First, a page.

Preparing Children for Divorce

I remember reading on the back of a smoothy drink “Contents may separate, but mummy and daddy both still love you very much.”

I thought it was funny and I also thought about the importance of how to explain changes in family life to children. It seems to me that when preparing for separation, a lot of focus goes into the changes.

Obviously, there will be changes and there’s no point in attempting to hide things because children tend to be razor sharp at picking up on changes in dynamics. They might not say that they have identified something is amiss, they might just start acting differently or their behaviour could change to demonstrate that they are feeling uncertain about the odd dynamics at home.

Within reason, it’s important to be honest about what is happening. They do not need the specific details about why things are changing, but they need to know that changes are going to happen and that it’s because mummy and daddy (not to exclude all of the other possible parental combinations but for ease of typing I will just say mummy and daddy) do not love each other as they did in the beginning and have decided to live in separate places in the future.

There’s no point in creating a new version of the truth because you will then need to remember what you have said previously to keep that version of the story going. For example, I met a parent who had told her daughter that her pet guinea pig had gone on holiday when it had in fact died. It caused a problem when the grandparents said they were going on holiday because the child assumed that they would never return again.

Do be honest, but you do not need to be brutal or derogatory towards the other parent. Your feelings for them are not the same as your child’s feelings for them. Your relationship has broken down with them but your child’s relationship with them will continue.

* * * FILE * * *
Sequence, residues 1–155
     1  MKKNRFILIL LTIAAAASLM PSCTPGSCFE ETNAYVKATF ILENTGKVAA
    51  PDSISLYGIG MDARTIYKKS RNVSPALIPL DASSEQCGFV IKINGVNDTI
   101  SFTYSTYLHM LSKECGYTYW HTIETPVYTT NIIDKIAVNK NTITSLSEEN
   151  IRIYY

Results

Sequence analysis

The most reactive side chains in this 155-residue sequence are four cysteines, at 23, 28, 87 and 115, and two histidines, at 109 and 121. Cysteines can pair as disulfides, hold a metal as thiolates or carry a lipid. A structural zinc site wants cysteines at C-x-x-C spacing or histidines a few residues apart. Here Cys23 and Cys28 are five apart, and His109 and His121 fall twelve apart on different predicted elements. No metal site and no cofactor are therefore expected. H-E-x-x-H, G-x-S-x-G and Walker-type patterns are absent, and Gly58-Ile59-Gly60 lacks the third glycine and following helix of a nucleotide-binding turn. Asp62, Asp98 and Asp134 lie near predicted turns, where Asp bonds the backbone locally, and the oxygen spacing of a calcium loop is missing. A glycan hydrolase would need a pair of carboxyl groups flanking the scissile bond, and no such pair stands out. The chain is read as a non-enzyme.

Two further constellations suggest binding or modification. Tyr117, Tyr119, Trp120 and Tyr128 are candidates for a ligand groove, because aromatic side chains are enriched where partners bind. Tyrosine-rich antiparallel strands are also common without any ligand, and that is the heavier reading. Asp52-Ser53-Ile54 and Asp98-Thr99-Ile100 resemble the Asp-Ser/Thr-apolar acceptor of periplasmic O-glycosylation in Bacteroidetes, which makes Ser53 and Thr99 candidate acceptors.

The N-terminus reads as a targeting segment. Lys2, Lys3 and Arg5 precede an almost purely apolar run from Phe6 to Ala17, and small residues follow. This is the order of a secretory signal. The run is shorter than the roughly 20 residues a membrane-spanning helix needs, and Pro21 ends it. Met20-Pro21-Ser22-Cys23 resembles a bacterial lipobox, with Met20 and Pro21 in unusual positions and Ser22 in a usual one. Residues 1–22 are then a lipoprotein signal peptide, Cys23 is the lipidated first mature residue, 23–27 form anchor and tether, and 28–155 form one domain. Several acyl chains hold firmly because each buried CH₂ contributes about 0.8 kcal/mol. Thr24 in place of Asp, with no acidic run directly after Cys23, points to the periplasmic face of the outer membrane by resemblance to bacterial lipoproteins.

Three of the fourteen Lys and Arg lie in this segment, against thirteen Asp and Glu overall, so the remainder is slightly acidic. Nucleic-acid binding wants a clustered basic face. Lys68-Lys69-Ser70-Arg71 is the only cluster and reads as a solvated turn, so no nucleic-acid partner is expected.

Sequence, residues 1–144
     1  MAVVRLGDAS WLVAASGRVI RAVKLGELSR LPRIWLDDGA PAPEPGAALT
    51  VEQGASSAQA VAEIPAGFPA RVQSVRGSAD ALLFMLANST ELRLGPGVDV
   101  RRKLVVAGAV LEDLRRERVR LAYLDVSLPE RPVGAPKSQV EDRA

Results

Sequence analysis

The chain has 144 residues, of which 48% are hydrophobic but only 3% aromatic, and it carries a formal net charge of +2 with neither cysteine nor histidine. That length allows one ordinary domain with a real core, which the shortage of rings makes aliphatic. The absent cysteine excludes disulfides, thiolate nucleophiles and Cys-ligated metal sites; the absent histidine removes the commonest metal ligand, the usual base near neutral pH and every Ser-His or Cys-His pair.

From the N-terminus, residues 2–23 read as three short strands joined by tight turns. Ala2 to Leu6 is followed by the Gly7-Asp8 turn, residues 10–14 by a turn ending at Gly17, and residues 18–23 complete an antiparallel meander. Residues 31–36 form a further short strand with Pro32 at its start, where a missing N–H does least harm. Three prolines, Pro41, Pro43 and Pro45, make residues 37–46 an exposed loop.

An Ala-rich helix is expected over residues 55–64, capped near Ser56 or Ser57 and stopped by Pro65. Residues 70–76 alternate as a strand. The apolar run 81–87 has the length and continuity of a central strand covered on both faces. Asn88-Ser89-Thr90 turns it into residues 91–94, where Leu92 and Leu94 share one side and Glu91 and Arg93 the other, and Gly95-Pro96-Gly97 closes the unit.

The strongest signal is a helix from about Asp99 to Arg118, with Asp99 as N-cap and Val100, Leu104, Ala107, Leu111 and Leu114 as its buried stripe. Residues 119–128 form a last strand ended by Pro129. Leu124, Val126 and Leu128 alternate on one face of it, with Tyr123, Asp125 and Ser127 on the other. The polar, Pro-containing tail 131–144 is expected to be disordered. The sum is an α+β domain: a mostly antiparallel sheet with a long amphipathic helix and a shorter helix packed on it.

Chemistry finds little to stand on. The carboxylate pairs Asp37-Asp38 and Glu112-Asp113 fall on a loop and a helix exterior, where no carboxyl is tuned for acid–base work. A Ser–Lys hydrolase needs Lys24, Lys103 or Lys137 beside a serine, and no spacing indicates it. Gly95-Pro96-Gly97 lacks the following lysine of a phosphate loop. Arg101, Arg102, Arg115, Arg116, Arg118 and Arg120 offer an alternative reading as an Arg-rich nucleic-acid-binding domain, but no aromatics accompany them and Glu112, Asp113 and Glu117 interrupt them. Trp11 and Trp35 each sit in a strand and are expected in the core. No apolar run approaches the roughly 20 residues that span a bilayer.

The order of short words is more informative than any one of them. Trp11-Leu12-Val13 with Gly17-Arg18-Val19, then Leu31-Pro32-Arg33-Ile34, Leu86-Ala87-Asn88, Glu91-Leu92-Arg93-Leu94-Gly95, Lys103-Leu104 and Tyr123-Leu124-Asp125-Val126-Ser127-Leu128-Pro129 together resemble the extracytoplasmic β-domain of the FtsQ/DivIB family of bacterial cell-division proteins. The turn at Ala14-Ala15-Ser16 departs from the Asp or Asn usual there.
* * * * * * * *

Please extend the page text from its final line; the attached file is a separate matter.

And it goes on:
To balance the uncertainty that will no doubt arise from being honest about the forthcoming changes, you must also make it very clear that the vast majority of life will remain the same. If the vast majority of things are set to change, then make it clear what will stay the same.

If the children will continue to go to the same school, say so. If they will live in the same house, say so. If they only saw mum/dad at the weekends anyway because they were in bed by the time they came home and they will now see them at the weekends in the future, point out how similar that is to the present situation.

A sense of security comes from knowing. For a child that means knowing the people, the places the routine. Having this knowledge gives them confidence and helps them to feel comfortable in their lives. If there are big changes to be made, as much as possible talk them through how things will be going forward so that they have an opportunity to mentally adjust to the changes.

By Gemma Bailey

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